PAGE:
Yup, that's just what this town needs – part of the proposed "density bonus" plan that would allow developers to put up taller, larger buildings as long as they include low-income units. County Supervisor Zev Yaroslavsky predicts that the density bonus would "take a wrecking ball to some of the most beautiful, quaint neighborhoods in Los Angeles." Planning Director Gail Goldberg says there wouldn't be "towering skyscrapers" as a result of the ordinance. Actually, some city officials say they have no choice because of a state law that required such density bonuses be offered to developers. From the Daily News:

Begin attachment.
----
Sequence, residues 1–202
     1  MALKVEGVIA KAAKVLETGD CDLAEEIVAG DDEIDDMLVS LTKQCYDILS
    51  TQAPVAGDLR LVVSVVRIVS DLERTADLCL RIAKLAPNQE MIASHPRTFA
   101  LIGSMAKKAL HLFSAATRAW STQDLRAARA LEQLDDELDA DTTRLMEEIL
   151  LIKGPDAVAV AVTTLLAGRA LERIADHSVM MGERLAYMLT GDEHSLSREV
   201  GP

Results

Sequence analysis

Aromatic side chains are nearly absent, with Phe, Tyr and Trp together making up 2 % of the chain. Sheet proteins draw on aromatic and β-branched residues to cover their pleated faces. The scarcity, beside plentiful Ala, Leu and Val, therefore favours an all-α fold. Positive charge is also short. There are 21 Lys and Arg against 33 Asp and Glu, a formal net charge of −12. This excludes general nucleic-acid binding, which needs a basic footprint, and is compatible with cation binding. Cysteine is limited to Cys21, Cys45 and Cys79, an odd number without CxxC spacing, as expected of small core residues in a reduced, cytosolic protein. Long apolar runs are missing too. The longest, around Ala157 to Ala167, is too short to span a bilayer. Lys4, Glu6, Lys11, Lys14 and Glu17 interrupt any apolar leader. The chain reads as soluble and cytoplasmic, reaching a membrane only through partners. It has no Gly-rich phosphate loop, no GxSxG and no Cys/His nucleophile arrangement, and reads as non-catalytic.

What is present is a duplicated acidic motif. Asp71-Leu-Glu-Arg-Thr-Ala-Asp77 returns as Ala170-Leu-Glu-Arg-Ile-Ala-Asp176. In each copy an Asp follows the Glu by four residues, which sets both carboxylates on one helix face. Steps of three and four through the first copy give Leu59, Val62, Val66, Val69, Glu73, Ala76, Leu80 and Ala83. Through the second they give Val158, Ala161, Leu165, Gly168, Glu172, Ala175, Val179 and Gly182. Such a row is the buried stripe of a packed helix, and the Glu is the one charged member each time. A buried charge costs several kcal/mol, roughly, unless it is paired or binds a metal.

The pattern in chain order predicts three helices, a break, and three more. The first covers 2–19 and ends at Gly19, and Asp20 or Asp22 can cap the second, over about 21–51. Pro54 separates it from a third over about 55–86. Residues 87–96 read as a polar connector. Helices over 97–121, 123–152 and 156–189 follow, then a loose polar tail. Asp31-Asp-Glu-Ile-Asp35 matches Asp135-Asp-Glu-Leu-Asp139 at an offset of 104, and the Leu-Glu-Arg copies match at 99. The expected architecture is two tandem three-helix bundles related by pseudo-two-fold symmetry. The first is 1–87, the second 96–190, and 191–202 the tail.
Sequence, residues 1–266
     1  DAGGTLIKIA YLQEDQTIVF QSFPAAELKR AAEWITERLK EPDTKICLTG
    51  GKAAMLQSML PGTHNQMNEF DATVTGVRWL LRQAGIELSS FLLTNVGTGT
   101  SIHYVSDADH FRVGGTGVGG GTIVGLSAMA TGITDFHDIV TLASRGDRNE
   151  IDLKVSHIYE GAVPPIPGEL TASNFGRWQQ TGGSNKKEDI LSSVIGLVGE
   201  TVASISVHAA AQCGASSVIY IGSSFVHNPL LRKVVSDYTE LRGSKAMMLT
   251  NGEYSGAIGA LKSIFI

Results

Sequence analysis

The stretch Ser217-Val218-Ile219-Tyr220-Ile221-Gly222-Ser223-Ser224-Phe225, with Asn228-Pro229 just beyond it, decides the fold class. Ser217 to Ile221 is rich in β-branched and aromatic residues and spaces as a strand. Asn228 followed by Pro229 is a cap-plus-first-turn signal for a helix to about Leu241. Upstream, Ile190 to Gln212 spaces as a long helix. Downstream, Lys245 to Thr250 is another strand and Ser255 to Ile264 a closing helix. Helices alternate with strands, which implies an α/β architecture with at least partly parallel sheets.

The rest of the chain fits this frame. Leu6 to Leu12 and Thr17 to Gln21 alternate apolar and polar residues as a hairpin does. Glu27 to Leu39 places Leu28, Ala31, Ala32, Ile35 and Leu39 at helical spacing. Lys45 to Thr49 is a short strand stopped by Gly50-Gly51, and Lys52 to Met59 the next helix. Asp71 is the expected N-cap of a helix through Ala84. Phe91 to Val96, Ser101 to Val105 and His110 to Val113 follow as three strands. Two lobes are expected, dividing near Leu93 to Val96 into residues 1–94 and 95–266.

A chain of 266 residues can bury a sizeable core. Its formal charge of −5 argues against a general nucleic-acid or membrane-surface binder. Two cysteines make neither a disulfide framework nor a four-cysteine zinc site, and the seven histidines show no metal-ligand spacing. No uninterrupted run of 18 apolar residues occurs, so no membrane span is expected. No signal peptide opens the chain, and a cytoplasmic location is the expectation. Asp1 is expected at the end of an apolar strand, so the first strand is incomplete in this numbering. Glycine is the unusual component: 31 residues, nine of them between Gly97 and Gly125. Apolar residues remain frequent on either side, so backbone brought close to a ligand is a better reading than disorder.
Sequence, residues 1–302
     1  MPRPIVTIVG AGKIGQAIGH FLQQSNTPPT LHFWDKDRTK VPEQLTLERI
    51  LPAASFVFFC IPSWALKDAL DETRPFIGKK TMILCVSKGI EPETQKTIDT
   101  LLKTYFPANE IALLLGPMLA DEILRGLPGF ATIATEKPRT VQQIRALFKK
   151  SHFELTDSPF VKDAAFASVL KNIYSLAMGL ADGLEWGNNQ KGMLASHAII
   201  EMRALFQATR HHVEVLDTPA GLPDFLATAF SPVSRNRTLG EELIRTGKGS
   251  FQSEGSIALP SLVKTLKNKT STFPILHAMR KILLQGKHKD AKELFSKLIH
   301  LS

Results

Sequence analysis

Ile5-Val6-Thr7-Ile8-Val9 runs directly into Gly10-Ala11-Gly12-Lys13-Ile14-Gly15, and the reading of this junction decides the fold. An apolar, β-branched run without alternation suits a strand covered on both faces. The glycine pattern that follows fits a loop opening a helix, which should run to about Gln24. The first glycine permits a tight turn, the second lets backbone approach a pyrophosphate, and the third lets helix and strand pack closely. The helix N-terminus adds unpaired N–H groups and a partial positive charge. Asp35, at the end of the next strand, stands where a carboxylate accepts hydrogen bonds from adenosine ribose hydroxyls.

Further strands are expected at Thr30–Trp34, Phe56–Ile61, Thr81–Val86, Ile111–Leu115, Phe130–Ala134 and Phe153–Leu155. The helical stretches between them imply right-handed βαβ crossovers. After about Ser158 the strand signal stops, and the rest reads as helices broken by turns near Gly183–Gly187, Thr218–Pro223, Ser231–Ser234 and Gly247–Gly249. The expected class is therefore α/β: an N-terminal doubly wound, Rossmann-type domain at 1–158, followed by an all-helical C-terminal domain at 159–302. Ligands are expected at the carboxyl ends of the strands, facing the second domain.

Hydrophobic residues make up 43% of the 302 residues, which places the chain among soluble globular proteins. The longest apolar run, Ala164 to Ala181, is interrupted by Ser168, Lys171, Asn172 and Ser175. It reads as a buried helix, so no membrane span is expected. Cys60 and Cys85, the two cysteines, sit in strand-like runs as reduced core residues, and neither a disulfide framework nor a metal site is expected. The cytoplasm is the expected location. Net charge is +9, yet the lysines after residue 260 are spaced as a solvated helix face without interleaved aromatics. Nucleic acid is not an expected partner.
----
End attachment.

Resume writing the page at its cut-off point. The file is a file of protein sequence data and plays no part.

The law overrides local zoning codes and says cities must allow developers to build larger and taller buildings, with fewer parking spaces, when they include affordable units. Cities have been working to come up with local ordinances to conform with the state law, which means a developer could get an extra 20 percent to 35 percent more height or floor area, depending on the number of affordable units included. For example, a developer could buy an old two-story duplex in Sherman Oaks and, under current zoning rules, demolish it and build a new 30-unit apartment building up to 45 feet in height - or three stories. If the developer agrees to rent six of those units to low-income families, the building could be as tall as four stories. And that means that if the apartment complex backs up to a single-family neighborhood, someone living in an old bungalow could have a fourth-story neighbor.